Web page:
Let There Be Light

Let There Be Light

Since they are “all things basementy,” the Frontier Basement folks were also the ones to install our new basement window.

Brad and Mark appeared on a Wednesday morning, young, lanky, friendly, and full of the ennui so often seen in the folks who are working in physically arduous jobs; ready to see what the job entailed and get it going.

After a few minutes talking about the job and cajoling some laughter out of them, we all relaxed. I imagine they deal with all variety of cranky, friendly, bossy, inconsiderate, helpful, gracious people on every different job. I had clear plans for what needed to happen, but I also valued their work and their expertise. And, of course, we plied them with coffee and baked goods, as always.

Cute picture to start the day.
The house before.

This was a two-day job. It was cold, but once they got settled in it warmed up quickly.

Brief aside here, but this is one of many instances where I am so grateful I grew up in a blue-collar family and have done a fair amount of physical labor. I suggested they drive across the front yard to park their box truck as close as possible to the work area. The note of relief in Brad’s voice when he replied with, “Would that be all right?” They wouldn’t have asked, but the amount of time and effort it saved them, plus the wind the truck helped block on these two crisp days, I hope it lessened their load.

We had front row seats to the action.

I had also been expecting they would have a back hoe, and because I’ve done a fair amount of digging of holes for trees over the years (Remember that freakin’ fence row of evergreens at the house in the country, Mom?!), I was truly appreciative of the effort needed to hand dig a window well.

They had a jackhammer and they would quickly discover it was necessary.

Day 1:

This shows the pre-fab window well insert, and the step at the bottom.
Looking over from our front porch.
The well and the cover in its box.
The pile of rocks grows larger.

I went out to check on them at one point, and they both looked a little defeated. They had come to that famous Nashville bedrock. They had the hole to about half the depth they needed, and they didn’t know if this was simply a rock, or if they had truly hit bedrock.

That’s going to take a jackhammer.

After some fresh brownies, lunch, and a rest, they jumped back on the job, and luckily it was just a rock, not their Waterloo.

By the end of day 1 they had gotten the entire outdoor digging complete and they began the process of cutting into the wall. They were hoping to have a larger saw the next day to be able to do all the cutting from the outside, which greatly lessens the volume of dust inside the house.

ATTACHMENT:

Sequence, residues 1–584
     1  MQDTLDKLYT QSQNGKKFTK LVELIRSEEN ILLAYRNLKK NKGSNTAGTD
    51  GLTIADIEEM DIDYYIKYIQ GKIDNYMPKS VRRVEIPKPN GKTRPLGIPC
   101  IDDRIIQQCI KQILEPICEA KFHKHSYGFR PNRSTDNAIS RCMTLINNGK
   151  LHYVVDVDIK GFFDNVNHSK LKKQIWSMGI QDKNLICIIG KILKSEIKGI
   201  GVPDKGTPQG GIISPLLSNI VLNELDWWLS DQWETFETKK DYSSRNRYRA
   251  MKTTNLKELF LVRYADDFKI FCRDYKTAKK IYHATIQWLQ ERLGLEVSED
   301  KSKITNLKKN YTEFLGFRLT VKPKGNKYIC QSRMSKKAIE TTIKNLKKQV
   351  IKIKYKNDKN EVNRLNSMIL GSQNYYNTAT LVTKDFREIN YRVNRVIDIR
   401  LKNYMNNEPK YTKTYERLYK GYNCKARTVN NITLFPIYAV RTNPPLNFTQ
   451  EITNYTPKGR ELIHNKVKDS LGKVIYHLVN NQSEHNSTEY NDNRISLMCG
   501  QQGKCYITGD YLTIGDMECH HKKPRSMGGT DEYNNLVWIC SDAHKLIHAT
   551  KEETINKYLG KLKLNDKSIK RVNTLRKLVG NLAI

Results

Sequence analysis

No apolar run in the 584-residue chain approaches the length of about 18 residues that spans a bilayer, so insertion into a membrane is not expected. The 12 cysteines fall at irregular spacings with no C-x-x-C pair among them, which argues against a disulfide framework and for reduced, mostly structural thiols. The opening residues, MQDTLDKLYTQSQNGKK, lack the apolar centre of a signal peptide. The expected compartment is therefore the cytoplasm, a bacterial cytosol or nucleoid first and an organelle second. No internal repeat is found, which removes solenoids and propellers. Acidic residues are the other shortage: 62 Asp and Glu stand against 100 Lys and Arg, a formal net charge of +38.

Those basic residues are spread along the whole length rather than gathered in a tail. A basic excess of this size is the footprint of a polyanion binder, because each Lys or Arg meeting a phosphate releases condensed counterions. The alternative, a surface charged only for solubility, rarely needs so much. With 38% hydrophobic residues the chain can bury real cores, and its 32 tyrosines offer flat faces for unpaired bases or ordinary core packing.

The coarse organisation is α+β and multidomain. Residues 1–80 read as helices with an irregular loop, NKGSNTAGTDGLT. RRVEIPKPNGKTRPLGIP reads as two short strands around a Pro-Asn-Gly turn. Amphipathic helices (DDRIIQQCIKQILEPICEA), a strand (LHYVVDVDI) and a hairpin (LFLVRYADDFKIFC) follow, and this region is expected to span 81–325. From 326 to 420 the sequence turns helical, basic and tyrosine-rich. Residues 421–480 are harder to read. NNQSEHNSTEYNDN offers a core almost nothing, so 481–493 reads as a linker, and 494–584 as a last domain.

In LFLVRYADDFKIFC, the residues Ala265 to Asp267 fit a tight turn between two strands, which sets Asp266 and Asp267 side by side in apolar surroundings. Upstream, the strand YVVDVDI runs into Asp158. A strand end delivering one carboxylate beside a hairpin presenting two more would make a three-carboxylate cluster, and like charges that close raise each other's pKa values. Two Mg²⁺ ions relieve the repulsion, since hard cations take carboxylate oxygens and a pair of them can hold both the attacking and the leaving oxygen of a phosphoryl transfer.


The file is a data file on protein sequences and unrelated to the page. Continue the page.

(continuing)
That rock didn’t stand a chance.

In the picture above you can see where they’ve begun to cut into the wall.

Mark told me he was going to sleep well that night after the effort it had taken to dig to the necessary depth. Bless their young energetic hearts.

Day 2 greeted us with a light dusting of snow.

A light snow to greet the gentlemen on their second day of work.

The children and I had a date with the symphony so Buds worked from home to be ready to address any issues that might come up.

When we heard the story later we learned the main issue was when the smoke detectors started going off due to the sheer volume of dust. They hadn’t been able to get a larger saw which meant cutting had to be done inside the house, too.

A thin layer of dust covered everything in the kitchen.

They put up plastic to block the door heading to the basement and we turned off the HVAC system to decrease the air flow, but that fine, fine dust still permeated the air. It felt to me like I could feel a thin layer of grit on my lips for the next day until we got the dust truly cleaned up and the air fully settled.

Totally worth it.

By the end of the second day, as projected, the window was in, sealed, functioning, and looking beautiful.

All covered and ready for rain.
It’s a bit of a drop.

An easy open window, and this shows the step in the window well to be able to climb out if needed in an emergency.

As with the other crew from Frontier, these two did a fantastic job cleaning up. I was again grateful to work with a crew I trusted, liked, and respected.

Step 97 of the basement project complete.

The beauty of light